We tend to live life in the past, holding on to feelings and beliefs about ourself and fixating on regrets or longing for do overs. This takes us away from the present moment, both the pleasures and the pain that exist right now. The first step in soothing Ordinary Loneliness is to acknowledge the feelings exist, and to to feel what it feels like to allow yourself to be with feelings, however you are able to. We spend so much time in our lives trying to avoid painful feelings that for some, feeling fully can be quite difficult. “Letting be” is different than one might describe “wallowing” in pain. It is more like noticing and, as I call it, welcoming, or allowing. Do your best to take it beyond your thoughts and allow yourself to feel what it feels like in your body, to see what emotions it brings up and to notice and be with those as they arise. If this feels hard, try placing your hand on your heart to comfort yourself and say “this will pass”, which is will, as all intense feelings do, eventually. You might notice, just in that welcoming, the intensity starts to shift and lessen, even if just a little. That is the power of Letting Be. Along with the principle of letting be, is the idea that we are not our thoughts, feelings, or limiting beliefs. So when a painful thought, feeling or limiting belief arises, we can allow ourselves to be with it and notice it passing, but recognize that is is not us.

2. Let Go

If you would like to go a bit deeper and build upon Letting Be, it can be helpful to identify what thoughts, feelings, beliefs or memories might be contributing to this feeling of Ordinary Loneliness. Often we notice there are patterns of thoughts, feelings and limiting beliefs that continue to arise, sort of like themes in our lives. Some of the common ones I have heard from people I work with are: “I have to work harder, otherwise I do not have value”, or “I must pretend to be someone else in relationships, because who will like me if I act like myself”, or “I am too much for people”, or “I am too loud”,or “I am too quiet”. These beliefs are usually attached to feelings, so if we are able to identify a belief that keeps spinning for us, we can usually identify a feeling attached to it and by noticing, welcoming and allowing that feeling, related to out belief, to be present we can then decide to Let Go of the feelings associated with that belief, just in that very moment, or each moment it arises. While at first it may seem silly to let go of something just for a moment, the repetition of that process can provide great relief. Don’t take my word for it, try it yourself!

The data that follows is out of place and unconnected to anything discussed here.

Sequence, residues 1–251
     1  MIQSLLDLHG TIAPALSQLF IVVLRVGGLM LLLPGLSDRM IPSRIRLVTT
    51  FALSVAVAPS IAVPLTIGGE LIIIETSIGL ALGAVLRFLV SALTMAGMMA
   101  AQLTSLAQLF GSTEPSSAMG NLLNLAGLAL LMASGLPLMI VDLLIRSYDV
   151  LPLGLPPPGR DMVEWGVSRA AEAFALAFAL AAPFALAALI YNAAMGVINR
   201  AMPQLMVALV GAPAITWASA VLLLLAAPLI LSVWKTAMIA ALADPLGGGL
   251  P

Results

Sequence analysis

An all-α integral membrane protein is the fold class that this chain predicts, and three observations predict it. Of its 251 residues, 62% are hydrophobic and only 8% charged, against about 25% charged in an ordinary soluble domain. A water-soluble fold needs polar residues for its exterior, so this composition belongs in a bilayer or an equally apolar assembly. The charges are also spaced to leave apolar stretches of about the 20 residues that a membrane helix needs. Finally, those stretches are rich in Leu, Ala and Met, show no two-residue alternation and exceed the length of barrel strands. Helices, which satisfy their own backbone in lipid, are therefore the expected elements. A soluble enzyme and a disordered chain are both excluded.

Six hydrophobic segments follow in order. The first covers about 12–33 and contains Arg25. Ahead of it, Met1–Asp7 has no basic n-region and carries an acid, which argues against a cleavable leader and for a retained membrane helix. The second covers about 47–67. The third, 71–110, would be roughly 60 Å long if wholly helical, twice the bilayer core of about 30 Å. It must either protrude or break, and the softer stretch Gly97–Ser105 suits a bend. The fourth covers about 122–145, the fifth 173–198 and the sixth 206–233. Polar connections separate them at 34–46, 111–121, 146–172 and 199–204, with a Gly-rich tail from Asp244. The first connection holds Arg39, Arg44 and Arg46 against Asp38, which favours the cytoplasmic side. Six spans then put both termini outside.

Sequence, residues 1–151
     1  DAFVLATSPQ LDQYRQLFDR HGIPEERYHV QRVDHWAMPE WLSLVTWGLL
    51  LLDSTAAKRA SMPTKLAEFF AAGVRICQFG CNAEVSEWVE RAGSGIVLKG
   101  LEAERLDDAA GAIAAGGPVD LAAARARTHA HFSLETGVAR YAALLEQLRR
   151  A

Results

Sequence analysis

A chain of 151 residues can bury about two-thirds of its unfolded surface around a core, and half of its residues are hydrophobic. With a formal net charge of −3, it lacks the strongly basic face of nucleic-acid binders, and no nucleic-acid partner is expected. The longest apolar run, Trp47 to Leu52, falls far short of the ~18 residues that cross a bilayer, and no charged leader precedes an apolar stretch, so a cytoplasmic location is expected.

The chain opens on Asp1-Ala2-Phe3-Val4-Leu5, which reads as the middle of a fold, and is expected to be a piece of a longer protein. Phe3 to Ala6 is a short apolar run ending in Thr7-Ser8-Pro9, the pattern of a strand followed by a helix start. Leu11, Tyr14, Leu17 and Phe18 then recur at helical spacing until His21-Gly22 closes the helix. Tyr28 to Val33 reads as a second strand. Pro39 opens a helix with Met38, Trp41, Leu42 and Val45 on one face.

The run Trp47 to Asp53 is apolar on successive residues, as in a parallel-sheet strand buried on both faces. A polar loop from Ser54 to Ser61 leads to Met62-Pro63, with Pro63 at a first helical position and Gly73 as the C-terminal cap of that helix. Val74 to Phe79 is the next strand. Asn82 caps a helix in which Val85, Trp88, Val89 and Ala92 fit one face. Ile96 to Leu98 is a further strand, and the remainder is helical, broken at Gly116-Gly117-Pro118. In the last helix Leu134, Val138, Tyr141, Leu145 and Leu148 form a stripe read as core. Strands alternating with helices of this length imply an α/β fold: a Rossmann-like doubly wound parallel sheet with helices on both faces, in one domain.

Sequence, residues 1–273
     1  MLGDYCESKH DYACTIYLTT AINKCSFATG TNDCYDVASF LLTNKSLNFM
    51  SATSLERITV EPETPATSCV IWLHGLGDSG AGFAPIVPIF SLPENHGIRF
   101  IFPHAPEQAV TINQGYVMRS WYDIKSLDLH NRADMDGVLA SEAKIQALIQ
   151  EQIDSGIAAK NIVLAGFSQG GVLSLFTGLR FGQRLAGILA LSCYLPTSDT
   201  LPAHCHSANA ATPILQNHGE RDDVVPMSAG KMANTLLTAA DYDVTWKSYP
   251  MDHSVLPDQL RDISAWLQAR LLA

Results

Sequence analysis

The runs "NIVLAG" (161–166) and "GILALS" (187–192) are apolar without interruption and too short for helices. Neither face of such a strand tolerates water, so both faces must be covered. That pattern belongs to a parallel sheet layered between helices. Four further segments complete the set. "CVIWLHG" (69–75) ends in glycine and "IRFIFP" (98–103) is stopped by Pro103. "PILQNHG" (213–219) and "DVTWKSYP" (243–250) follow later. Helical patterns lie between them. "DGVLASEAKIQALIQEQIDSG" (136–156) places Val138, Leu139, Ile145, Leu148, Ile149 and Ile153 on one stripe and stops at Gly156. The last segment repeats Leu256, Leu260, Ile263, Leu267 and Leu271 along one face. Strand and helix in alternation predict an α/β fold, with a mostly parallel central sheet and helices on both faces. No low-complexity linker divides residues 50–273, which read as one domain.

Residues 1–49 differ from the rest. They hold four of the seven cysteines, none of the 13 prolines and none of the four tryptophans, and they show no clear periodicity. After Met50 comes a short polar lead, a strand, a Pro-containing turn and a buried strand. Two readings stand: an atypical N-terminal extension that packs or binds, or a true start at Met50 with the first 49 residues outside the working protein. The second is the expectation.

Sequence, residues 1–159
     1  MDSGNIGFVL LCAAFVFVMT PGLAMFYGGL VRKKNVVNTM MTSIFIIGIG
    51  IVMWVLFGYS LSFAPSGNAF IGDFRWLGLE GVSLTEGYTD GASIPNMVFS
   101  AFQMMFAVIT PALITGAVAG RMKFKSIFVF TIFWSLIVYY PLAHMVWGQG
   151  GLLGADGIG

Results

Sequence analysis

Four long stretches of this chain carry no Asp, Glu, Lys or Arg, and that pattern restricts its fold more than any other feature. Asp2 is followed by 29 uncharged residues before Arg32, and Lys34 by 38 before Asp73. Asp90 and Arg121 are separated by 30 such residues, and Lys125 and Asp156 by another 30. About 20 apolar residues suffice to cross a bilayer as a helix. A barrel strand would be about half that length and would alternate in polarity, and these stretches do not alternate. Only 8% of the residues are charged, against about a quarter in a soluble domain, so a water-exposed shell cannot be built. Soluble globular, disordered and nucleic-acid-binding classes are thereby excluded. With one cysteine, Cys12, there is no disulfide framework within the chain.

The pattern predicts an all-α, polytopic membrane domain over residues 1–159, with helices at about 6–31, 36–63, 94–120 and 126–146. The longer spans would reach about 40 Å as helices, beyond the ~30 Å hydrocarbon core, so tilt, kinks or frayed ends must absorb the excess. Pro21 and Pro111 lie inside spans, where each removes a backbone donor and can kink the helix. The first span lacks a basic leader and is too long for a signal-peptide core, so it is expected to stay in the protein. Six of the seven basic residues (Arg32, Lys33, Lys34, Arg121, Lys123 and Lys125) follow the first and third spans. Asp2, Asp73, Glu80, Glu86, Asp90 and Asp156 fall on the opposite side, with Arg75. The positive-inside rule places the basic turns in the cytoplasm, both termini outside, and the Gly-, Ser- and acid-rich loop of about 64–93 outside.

3. Let in

Once we have acknowledged what is and allowed it be as it is, and we have started to let go of beliefs and feelings that no longer serve us and we can start to Let In what is useful and healing. This is where self compassion and gratitude can be very helpful. There are various ways to “Let in” what is good, one is through the method I describe in a previous blog that is to allow yourself to sit with good feelings in a very intentional way. Neuroscience has demonstrated that allowing good feelings to resonate in our bodies can actually change our brain to think and feel more positively over time, to combat the negativity bias that is human instinct. Another way to “Let in” is to bring in self compassion. A simple way to do that is to ask yourself what you might say to a friend who is suffering the way you are in a particular moment, or period and specifically say those things you would say to a friend to yourself, right now. Another way is to identify the things that you feel grateful for, even when they are small, and allow yourself to FEEL that gratitude, not just think it. Many find that writing down things they are grateful for is helpful, however, I would encourage taking it further to allow the wash of gratitude to take over your body, not just your mind. Allow it to physically warm you, comfort you in any way that feels real for you.



Ordinary Loneliness is so common that it is easy to dismiss, sweep under the rug, accept as part of the human condition, which in some ways, we must do. However, I have found for myself, and in my work supporting clients, that there is another way. We can find a sense of ease and peace by looking inward and using these tools to ease this experience of Ordinary Loneliness to become more known to ourselves and perhaps others as well. Our deep desire to be known, heard, seen and understood by both ourselves and others is primal. But it takes a mindset shift to see that you have the power to shift your relationship to the outer world by looking inward and allowing your inner wisdom to guide and nourish you. Give it a try, if you like. If you would like support with this, you can also reach out to me, or another therapist who can assist with this.

Remember, you are not alone. You have you.